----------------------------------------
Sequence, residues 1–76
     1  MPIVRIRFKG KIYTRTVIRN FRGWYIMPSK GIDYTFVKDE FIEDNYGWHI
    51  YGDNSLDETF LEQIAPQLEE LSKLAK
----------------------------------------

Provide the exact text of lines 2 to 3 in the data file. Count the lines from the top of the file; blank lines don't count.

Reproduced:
     1  MPIVRIRFKG KIYTRTVIRN FRGWYIMPSK GIDYTFVKDE FIEDNYGWHI
    51  YGDNSLDETF LEQIAPQLEE LSKLAK